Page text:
May 27, 2016

Living NAOMI: Not Afraid Of My Imperfections

Photo by Uh-Droit Photography

By Mike Orie of

Think of your biggest fear or insecurity. Take a deep breathe. Now imagine what it might take to not only embrace it, but to in fact proactively work towards overcoming it. This is what Stacy Ike is working on. She calls it, “Living N.A.O.M.I.” N.A.O.M.I. is an acronym for not afraid of my imperfections.  It’s an idea that she embraced several years back, but recently decided to re launch through her blog after overcoming a tough stint in LA.

The 25-year old Houston native relocated to LA to pursue her dreams as a host and actress. “I believe, everyone on this earth has a God-given purpose, and I also believe God doesn’t make mistakes. That said, all of those “imperfections” we try and perfect are actually what make us qualified for greatness.” But LA proves to be a difficult and lonesome environment for many African Americans pursuing careers in the entertainment industry. Earlier this month, she hosted a re launch brunch for her website titled “Mirror Mirror.” And while I caught the very tail end of it, I heard enough to resonate with her thoughts. The struggle to find a strong community of people pursuing similar goals was something that Ike and I both shared in common.  This is probably what made the intimate event so successful. Of the group of 18 women, many of them shared personal stories of their own. I, the lone male, along with my frat brother who served as the events photographer and her publicist, had the rare opportunity to hear women share their honest, vulnerable thoughts about success. It allowed me the ability, to even if just temporarily, breathe a sigh of relief, knowing everything would be alright in due time. I believe Ike to be a young influencer in the making. These days, it’s not always just about how many people you’re reaching, but about how you make people feel when they’re around you.  At one point though, Ike had the potential to live a complacent live that many of us are all too familiar with.  

College days swiftly pass, and before you’ve got it all figured out, you find yourself back where you started, home. “I knew eventually I would move to LA but I didn't have things together yet so I came home to TX after moving back from Australia,” says Ike. Sometimes though, moving back home can provide good opportunities. But opportunities will often prove unfulfilling if it doesn’t align with your purpose. “I started working at a retail store I previously worked at in high school because there was already a good relationship there. After a few months, my boss offered me a promotion and instead of being happy, I went to Barnes and Noble in front of the performing arts section and cried!” It was at this moment that Ike realized that this wasn’t the dream she once saw for herself. Her degree in Broadcast Journalism from Mizzou would go to waste if she didn’t do something, and fast. “I called my parents and told them I had to quit and a few days later I put in my notice. My heart was in LA.”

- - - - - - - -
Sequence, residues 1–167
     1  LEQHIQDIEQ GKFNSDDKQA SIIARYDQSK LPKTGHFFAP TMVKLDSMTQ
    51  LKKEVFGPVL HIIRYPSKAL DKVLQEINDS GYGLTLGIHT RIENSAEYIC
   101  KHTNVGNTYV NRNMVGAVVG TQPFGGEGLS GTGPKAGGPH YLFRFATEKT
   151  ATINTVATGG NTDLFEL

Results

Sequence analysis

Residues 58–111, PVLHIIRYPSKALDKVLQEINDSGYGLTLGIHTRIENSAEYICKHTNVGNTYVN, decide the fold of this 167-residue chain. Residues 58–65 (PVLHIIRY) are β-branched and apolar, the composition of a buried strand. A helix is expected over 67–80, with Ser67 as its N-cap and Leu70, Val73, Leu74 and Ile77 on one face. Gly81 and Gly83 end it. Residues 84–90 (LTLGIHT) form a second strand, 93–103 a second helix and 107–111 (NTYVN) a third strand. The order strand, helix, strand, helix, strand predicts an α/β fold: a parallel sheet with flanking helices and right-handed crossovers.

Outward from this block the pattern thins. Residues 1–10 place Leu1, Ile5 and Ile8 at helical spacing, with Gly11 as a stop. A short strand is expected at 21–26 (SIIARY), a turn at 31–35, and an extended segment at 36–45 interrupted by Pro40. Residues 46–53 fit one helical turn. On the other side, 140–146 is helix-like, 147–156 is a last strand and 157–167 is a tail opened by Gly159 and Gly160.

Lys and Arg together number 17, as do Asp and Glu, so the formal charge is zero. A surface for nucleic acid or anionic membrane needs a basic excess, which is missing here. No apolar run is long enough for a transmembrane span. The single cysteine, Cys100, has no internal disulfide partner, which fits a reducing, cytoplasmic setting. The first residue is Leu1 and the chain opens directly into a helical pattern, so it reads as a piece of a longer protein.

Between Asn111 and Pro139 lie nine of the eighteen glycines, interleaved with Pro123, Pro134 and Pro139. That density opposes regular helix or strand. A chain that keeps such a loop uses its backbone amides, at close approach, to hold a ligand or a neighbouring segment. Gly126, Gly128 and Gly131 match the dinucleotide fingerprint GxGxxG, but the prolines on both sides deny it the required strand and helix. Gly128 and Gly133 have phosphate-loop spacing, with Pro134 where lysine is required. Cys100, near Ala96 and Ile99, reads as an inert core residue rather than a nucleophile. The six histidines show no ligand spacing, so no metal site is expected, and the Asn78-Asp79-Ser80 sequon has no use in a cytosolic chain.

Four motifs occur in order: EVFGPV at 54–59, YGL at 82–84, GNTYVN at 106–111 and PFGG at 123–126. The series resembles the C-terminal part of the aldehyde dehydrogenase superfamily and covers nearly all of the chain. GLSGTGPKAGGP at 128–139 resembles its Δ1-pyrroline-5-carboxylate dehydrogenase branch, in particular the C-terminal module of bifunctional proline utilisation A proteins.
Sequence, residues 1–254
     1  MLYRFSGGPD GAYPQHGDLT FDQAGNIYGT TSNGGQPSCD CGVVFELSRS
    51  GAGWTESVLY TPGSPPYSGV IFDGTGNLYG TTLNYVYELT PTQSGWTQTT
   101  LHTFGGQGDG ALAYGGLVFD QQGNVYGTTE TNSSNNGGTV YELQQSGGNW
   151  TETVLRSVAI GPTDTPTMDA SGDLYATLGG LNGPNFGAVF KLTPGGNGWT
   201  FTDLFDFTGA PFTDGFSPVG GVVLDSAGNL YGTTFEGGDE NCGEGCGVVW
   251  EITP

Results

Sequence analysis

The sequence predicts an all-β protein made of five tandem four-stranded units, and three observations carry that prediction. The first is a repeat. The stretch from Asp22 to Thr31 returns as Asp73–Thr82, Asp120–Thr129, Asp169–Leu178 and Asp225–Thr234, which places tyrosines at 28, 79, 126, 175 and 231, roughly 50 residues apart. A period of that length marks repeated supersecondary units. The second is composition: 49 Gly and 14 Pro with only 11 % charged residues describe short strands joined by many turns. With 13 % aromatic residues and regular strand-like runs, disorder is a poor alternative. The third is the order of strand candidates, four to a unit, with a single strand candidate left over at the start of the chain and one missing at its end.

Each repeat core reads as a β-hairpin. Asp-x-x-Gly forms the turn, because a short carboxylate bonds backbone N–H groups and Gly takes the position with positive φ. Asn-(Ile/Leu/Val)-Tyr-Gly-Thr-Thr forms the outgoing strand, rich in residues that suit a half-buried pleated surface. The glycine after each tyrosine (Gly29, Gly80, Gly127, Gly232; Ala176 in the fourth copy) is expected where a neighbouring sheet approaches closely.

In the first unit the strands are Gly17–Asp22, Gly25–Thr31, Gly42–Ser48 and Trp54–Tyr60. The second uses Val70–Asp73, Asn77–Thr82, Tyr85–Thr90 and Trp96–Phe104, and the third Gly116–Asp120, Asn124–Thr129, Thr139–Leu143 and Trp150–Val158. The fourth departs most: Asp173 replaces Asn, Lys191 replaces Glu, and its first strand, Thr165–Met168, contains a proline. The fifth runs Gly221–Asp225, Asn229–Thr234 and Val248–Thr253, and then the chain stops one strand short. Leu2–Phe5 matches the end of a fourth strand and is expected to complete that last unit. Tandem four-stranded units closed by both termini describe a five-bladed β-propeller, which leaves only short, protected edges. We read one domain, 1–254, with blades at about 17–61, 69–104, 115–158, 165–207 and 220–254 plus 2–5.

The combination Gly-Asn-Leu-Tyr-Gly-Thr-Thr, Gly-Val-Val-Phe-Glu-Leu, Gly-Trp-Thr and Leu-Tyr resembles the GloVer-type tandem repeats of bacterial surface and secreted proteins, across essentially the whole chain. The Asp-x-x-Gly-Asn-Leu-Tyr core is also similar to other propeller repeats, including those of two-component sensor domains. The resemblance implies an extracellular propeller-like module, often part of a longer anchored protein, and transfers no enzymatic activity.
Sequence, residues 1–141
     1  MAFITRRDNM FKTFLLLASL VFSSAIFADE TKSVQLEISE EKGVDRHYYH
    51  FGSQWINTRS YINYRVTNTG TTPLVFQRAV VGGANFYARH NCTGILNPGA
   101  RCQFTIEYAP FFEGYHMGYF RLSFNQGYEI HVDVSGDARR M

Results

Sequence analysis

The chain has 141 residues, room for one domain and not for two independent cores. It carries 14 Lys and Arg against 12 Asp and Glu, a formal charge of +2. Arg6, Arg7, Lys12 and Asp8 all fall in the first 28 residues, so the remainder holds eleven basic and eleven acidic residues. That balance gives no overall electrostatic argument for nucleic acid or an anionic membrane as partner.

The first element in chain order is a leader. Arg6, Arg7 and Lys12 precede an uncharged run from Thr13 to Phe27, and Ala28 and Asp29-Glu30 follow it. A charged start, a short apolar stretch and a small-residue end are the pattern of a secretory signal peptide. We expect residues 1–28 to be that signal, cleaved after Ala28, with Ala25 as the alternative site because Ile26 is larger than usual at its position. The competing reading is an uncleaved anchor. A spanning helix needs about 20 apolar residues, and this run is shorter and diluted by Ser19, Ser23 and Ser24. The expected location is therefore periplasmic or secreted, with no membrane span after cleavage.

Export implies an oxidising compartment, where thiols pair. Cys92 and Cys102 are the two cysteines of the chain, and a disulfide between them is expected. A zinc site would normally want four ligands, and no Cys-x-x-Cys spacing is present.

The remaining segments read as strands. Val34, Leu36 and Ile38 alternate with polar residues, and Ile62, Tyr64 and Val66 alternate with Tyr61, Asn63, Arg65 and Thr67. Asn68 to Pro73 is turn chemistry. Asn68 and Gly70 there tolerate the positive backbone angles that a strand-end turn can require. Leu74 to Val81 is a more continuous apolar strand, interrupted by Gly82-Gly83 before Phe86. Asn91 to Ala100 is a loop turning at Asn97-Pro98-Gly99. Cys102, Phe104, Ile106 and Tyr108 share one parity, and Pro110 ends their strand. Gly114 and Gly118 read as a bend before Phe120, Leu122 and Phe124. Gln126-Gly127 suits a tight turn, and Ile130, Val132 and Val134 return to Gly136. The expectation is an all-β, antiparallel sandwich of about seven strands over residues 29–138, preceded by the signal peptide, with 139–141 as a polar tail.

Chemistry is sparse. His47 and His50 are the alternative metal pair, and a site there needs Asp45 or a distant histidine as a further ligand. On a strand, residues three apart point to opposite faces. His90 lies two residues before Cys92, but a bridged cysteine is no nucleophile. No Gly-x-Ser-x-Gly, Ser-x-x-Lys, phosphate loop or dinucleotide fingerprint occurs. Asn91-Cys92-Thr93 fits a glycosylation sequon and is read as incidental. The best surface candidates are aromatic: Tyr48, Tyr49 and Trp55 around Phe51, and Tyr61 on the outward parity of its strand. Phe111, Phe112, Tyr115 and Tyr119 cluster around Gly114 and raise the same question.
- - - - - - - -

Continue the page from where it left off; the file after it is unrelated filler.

Too many times, we tell ourselves that we have to maintain this sort of a façade. A façade that doesn’t allow us to openly express our challenges, embrace our fears.  Stacy Ike is very open about it, and that is what she would describe as “living N.A.O.M.I.” It was through our exchange for this interview that I realized we have something very important in common, our biggest fear. “My biggest fear is not fulfilling my God-given destiny and potential. It literally haunts me sometimes. Why? Because I have experienced how crippling fear can be,” says Ike.  Her website, will serve as an encouraging and uplifting space for fellow dreams. As seasoned African American journalists and actresses began to pass the torch over the next few years to developing talent like Stacy Ike, I’m confident. I’m confident not only in her ability to represent Black millennials in the proper light, but succeed at achieving that dream we all have, the intersection of passion and purpose. Tune into the journey, because Stacy Ike is going places, and if you’ve ever once doubted yourself, you too can certainly relate.

Mike "Orie" Mosley is a freelance writer/photographer and cultural advocate from St. Louis. He holds a Bachelor of Arts in Arts, Entertainment & Media Management from Columbia College Chicago and a Masters in Higher Education Administration from LSU. He is also the co-founder of music and culture In his spare time, he's probably listening to hip hop & neo soul music, hitting up brunch or caught up in deep conversations about Black music. You can follow him on Twitter @mike_orie or on Instagram @mikeorie

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